The Changing Landscape of Michigan Politics
As the nation gears up for Election Day on Nov. 8, eyes are focused on the presidential race between two candidates who have the dubious distinction of having the lowest favorability ratings in recent memory. The seeming weakness of Clinton and unexpected success of Trump in their respective primaries has called into question long-held truths regarding politics across the nation, Michigan included.
One of the developments in this election season is the shifting spheres of influence for Democrats and Republicans. Michigan, which has not cast its electoral votes for a Republican candidate since George H.W. Bush in 1988, is no longer considered a safe bet for Democrats by some analysts. Over the last few months, polls conducted in Michigan have fluctuated between showing as much as a 13 point lead for Clinton to showing the two candidates in a tie. Despite this uncertainty, FiveThirtyEight, the website founded by statistician Nate Silver, gives Clinton a 78 percent chance to take Michigan’s 16 electoral votes. This is a good deal higher than the 67.7 percent FiveThirtyEight projects for Clinton’s chances of winning the national election.
In response to the lukewarm reception both candidates have engendered, multiple third parties have attempted to capitalize on voter indecision to establish a stronger presence for themselves. On the national stage, Jill Stein of the Green Party, and Gary Johnson of the Libertarian Party, have each campaigned as viable, even preferable, alternatives to the two main party candidates.
This election cycle also saw a new third party work its way onto the ballot here in Michigan. Called the Working Class Party, this party seeks to represent and advocate the positions important to the working class. Drawing inspiration from previous revolutionaries and union organizers, party members hope to call laborers to action in the current class struggle. They see the Democratic Party, which often presents itself as being the party of unions, as having turned their backs on the working class. Republicans fare no better in their estimation, sharing at least an equal share of the blame for many of the crises afflicting Michigan.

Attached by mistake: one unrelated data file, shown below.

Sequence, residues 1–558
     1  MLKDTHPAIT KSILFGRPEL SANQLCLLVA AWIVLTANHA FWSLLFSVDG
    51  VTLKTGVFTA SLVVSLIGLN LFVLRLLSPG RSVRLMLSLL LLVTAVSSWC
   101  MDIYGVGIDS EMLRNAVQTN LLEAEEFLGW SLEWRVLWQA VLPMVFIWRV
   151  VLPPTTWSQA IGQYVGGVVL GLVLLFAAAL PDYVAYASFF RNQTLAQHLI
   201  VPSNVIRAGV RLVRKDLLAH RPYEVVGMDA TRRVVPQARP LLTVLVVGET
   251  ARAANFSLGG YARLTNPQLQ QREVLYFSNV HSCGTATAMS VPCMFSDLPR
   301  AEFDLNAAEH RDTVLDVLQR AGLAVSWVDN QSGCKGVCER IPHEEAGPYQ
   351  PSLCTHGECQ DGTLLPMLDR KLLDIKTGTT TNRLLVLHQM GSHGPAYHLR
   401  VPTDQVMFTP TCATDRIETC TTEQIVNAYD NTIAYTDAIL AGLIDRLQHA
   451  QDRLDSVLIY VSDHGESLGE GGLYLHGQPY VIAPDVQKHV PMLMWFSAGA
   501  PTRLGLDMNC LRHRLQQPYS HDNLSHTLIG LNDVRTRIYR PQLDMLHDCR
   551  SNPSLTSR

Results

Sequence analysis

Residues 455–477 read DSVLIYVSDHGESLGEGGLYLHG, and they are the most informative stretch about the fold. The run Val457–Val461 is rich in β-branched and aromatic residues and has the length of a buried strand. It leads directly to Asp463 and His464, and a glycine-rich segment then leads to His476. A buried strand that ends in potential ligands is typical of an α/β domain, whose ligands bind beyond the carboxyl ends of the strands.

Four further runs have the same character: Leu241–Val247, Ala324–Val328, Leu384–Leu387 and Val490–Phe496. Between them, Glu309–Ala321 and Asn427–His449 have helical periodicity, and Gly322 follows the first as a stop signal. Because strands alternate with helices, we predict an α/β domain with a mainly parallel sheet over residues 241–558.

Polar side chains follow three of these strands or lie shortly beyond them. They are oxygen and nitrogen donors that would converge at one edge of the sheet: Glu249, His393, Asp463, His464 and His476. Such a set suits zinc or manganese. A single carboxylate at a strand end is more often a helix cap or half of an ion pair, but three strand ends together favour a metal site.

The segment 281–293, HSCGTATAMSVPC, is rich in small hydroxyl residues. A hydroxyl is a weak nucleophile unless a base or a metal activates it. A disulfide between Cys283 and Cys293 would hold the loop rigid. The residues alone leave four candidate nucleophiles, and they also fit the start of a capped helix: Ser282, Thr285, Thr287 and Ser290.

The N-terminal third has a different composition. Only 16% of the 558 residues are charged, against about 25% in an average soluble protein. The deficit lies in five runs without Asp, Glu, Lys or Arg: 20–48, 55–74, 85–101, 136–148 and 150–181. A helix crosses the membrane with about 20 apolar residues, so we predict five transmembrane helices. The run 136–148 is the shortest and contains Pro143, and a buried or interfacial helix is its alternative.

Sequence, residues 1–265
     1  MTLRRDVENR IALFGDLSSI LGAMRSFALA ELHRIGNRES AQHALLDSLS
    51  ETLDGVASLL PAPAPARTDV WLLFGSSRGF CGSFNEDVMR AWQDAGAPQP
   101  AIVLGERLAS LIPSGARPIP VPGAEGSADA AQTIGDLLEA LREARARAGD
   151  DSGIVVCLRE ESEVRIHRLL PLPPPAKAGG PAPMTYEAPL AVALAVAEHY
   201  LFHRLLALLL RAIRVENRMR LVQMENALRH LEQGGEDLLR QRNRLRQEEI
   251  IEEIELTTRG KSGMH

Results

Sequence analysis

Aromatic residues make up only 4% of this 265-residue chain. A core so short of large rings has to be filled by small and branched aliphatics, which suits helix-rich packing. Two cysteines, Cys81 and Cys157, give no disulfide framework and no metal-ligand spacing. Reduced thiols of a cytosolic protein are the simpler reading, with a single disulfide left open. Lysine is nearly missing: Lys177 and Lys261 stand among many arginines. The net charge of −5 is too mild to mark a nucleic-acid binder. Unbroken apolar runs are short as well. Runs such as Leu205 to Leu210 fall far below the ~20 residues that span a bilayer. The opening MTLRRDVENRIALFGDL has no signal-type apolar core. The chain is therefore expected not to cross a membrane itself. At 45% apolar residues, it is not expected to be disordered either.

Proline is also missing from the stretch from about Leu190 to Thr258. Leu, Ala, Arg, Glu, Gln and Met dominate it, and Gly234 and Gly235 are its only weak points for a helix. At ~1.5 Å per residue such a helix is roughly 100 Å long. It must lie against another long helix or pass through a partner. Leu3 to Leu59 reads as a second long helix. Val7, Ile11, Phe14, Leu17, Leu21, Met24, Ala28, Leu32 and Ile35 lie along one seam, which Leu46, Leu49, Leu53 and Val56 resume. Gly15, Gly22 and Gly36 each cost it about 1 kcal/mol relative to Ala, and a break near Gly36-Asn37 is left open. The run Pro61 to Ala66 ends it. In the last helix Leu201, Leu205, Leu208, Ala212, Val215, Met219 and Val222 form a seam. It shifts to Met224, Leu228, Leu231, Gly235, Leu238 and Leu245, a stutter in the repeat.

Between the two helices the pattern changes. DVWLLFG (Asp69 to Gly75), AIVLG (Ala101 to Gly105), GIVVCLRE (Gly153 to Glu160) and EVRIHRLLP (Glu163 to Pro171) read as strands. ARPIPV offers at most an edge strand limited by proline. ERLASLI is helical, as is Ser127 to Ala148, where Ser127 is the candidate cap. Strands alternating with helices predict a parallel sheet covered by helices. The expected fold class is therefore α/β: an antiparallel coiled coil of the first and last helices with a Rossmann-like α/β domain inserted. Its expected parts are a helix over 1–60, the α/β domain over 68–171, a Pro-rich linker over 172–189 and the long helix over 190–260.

Henry Ford College professor of psychology, Mary Anne Hering, who is a Working Class Party candidate for an at-large seat on the Michigan State Board of Education, spoke with Cynthia Canty of Michigan Radio in August. “Republicans and Democrats represent the interests of Big Business, of the banks; the legislature serves their interests, and the working class has no political voice. So into that we stepped and said ‘Enough is enough. It is time for the working class to be able to express itself at the polls and have its own party,” said Hering in the interview. Hering also discussed the effort required to get on the ballot, a process that began in January of this year. Campaigners collected more than 50,000 signatures, far beyond the amount required.
In addition to Hering, Dearborn voters will also have the option of voting for Working Class Party candidate Gary Walkowicz for Representative for the 12th Congressional District. He will be running against the incumbent, Democrat Debbie Dingell, who visited HFC for the Student Political Issues Convention in October.
This diversity of parties is not shown in every election, with the race for State Representative for Michigan’s 15th District being a prime example. The 15th District encompasses almost the entirety of the city of Dearborn, and was represented by Democrat George Darany, who cannot run due to term limits. Democrat Abdullah Hammoud, a public health analyst who emerged victorious from a contentious primary this August, will face off against the Republican candidate, professional wrestler Terrance Guido Gerin.
Whether these changing trends are carried through into the coming years will be determined this Election Day. With new parties and close races, this election has the potential to reshape the political landscape of Michigan and the USA in a lasting way.